American Heritage® Dictionary of the English Language, Fourth Edition
- n. The act, manner, or amount of using; use: the usage of a technical term; an instrument that measures water usage.
- n. The act or manner of treating; treatment: subjected the car to rough usage.
- n. A usual, habitual, or accepted practice. See Synonyms at habit.
- n. The way in which words or phrases are actually used, spoken, or written in a speech community.
- n. A particular expression in speech or writing: a nonce usage.
Century Dictionary and Cyclopedia
- n. Use; enjoyment.
- n. The act of using.
- n. Mode of using or treating; treatment.
- n. Long-continued use or practice; customary way of acting; habitual use; custom; practice: as, the ancient usage of Parliament. Technically, in English law, usage has a different signification from
custom, in not implying immemorial existence or general prevalence. In earlier times custom was defined as a law created or evidenced by immemorial usage. Some American writers use the terms as practically equivalent, except in regarding usage as the facts by which the existence of custom is proved; others treat usage as the habit of individuals or classes, such as those engaged in a particular trade or business, and custom as the habit of communities or localities.
- n. Established or customary mode of employing a particular word, phrase, or construction; current locution.
- n. Manners; behavior; conduct.
- n. Synonyms Habit, Manner, etc. See custom.
- n. The manner or the amount of using; use
- n. Habit or accepted practice
- n. lexicography The ways and contexts in which spoken and written words are used, determined by a lexicographer's intuition or from corpus analysis.
GNU Webster's 1913
- n. The act of using; mode of using or treating; treatment; conduct with respect to a person or a thing.
- n. obsolete Manners; conduct; behavior.
- n. Long-continued practice; customary mode of procedure; custom; habitual use; method.
- n. Customary use or employment, as of a word or phrase in a particular sense or signification.
- n. obsolete Experience.
- From Anglo-Norman and Old French usage. (Wiktionary)
- Middle English, from Old French, from us, from Latin ūsus, from past participle of ūtī, to use. (American Heritage® Dictionary of the English Language, Fourth Edition)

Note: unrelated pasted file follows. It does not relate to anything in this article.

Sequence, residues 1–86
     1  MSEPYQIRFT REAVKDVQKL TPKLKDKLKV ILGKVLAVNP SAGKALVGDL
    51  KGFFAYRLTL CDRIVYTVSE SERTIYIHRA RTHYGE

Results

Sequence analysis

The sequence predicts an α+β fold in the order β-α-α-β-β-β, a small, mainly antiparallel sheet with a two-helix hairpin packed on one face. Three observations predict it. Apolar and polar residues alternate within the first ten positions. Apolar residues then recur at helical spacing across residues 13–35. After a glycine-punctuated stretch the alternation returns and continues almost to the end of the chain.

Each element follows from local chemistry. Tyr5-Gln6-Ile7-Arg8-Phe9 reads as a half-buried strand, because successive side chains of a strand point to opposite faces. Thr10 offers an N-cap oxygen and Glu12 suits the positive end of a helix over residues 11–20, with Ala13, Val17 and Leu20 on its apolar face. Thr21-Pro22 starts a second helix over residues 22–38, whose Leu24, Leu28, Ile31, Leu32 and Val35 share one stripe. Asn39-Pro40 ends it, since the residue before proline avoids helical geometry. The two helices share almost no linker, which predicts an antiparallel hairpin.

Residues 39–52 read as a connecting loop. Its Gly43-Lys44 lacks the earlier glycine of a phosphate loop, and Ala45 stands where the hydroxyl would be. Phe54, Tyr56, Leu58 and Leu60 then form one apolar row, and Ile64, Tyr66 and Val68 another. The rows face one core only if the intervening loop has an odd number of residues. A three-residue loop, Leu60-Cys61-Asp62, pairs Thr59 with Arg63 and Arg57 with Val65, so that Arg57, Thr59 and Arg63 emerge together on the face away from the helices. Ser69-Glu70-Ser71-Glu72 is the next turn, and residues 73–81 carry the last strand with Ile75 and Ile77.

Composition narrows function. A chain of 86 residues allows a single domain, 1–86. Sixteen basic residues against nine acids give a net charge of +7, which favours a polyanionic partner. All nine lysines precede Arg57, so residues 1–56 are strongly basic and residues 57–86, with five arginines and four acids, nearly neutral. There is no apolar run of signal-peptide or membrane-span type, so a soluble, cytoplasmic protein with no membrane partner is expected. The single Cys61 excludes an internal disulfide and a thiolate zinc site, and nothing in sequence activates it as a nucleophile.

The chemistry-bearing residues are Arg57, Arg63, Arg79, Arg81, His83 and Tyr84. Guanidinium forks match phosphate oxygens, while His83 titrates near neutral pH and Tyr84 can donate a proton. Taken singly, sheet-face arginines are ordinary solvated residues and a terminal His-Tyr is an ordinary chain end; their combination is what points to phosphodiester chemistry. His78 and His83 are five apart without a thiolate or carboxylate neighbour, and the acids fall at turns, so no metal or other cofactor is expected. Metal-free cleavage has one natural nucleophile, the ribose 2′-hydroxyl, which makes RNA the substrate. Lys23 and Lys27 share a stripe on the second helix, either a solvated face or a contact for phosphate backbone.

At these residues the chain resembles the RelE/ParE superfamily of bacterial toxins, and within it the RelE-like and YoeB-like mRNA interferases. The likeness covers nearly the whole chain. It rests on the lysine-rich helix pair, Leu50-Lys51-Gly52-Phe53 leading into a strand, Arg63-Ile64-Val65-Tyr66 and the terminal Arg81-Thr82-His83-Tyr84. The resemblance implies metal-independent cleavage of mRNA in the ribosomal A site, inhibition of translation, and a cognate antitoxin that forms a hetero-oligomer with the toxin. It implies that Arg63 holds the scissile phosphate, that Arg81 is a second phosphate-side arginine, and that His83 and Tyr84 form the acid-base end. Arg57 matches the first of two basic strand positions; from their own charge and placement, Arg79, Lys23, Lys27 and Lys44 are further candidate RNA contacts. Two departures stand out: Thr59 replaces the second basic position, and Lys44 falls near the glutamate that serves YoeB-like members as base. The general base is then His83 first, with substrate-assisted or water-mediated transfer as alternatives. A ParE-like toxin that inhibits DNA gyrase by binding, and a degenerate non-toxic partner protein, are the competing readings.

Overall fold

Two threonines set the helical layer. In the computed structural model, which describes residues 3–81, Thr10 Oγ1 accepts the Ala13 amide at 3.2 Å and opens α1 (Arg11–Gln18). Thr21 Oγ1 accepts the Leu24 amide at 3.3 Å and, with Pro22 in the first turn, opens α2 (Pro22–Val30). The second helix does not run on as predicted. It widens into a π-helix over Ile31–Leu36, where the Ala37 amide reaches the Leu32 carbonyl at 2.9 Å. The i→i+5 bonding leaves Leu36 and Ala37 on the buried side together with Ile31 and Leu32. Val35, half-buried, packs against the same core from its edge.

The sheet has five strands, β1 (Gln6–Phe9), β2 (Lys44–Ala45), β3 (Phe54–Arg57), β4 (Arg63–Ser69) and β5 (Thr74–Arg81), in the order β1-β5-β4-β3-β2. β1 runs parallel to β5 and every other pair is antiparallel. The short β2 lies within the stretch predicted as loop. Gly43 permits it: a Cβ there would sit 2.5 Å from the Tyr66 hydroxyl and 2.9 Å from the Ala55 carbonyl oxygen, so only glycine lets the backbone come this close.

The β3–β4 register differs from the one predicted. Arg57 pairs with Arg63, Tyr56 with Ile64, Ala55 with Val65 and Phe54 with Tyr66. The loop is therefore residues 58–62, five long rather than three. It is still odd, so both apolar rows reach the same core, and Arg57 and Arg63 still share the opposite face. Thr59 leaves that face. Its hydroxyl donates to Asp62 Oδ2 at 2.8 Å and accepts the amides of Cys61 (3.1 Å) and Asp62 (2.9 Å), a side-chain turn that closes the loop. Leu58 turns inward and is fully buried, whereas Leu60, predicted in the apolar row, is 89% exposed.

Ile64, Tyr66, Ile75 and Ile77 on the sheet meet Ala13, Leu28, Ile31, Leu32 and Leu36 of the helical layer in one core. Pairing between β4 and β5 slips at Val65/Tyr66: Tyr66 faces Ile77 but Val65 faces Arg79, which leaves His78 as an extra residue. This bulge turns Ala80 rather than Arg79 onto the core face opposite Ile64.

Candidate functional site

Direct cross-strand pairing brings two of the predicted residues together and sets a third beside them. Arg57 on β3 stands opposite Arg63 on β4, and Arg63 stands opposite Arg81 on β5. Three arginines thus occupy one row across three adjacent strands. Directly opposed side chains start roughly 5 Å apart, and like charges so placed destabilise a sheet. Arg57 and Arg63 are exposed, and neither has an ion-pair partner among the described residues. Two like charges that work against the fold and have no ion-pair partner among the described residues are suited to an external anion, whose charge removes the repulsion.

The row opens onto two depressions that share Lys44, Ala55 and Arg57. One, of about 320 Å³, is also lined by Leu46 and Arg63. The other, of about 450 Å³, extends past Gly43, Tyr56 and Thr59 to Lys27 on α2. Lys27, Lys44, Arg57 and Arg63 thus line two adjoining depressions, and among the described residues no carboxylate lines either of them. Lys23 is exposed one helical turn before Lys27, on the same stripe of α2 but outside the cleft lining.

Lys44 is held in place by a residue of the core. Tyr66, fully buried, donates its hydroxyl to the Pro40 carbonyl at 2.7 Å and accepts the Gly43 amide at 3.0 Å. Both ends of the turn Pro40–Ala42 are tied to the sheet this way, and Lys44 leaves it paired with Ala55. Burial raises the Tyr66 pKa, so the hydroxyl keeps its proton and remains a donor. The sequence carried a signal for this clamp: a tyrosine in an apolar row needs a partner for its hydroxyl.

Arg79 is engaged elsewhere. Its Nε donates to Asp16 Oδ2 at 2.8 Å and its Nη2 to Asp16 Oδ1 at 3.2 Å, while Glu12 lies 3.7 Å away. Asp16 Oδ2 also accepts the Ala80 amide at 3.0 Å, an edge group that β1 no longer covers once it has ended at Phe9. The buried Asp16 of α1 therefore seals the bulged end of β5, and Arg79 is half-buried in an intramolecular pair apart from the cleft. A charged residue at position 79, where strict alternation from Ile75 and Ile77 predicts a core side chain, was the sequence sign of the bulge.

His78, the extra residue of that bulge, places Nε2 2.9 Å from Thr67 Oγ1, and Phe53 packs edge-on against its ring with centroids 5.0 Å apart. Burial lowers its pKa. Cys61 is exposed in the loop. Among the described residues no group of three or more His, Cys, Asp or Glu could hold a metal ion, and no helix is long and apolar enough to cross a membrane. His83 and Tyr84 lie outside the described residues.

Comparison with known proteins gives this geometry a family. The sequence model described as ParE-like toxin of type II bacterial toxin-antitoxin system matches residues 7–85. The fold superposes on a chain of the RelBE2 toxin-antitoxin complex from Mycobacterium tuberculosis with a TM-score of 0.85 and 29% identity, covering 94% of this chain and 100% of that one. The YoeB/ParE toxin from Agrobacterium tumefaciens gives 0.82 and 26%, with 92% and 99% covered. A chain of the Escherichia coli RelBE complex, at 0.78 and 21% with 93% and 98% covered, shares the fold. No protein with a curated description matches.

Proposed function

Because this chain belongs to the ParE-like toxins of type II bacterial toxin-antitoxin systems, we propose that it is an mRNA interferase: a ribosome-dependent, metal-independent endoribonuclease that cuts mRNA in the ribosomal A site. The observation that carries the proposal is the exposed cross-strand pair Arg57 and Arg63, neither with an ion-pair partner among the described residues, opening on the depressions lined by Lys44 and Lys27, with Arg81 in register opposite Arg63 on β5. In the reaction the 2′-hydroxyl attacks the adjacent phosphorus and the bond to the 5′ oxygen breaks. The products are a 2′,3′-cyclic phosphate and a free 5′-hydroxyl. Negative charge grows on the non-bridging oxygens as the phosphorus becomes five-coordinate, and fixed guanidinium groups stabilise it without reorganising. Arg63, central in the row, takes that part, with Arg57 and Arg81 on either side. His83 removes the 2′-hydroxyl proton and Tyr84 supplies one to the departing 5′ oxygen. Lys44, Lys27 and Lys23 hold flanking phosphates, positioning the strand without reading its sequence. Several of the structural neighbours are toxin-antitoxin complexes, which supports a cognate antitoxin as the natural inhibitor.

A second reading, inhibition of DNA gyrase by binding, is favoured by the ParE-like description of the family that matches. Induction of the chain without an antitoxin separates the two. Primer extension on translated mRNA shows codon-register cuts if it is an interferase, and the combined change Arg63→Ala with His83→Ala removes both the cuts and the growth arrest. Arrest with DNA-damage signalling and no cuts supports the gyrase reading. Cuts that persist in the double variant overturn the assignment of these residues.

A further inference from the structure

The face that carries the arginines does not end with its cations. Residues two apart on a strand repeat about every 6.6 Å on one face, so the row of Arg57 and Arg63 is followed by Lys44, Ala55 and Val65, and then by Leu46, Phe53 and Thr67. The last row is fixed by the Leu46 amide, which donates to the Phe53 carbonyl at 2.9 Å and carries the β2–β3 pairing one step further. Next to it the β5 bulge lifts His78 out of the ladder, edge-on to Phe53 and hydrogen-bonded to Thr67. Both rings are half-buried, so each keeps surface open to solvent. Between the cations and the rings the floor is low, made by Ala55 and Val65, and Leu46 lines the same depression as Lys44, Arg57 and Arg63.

“The only way it at all bothers me in usage is when it is overused or redundant, as in, “These ONES are the shoes I want.””
“The most common complaint about the European model of train usage is that it is skewed towards passenger travel.”
“This one over here is a word usage filter: a sort of advanced search engine, with a whole host of search parameters.”
“Consistency in usage is desirable but perfect consistency is very hard indeed to attain even for the most professional publishers.”
“Words get reused in different disciplines and words become trendy and overused, but neither of these things makes a word usage incorrect or inappropriate.”
“An in-class semantic (referring to the meaning of words) or verbal paraphasia is a word usage that, although imprecise, remains understandable because the approximate word or phrase relates to some characteristic of the precise word (e.g., its basic function or class).”
“The scientists ran linguistic crunches on the text of each email to infer how "new" its information was-judging newness by how unusual the word usage was compared with the recruiter's norm.”
“I would bet this usage is at home/office etc instead of being truly mobile ….”
“To determine if a usage is acceptable or not, it makes more sense to look at how well-regarded writers use the word, and to look at what other usage writers say about it, and the rationales they give.”
“This usage is a frank (and not entirely accurate) imitation of the mediaeval usage, of course.”
These user-created lists contain the word ‘usage’.
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2007 Scripps National Spelling Bee Round 2
Looking for tweets for usage.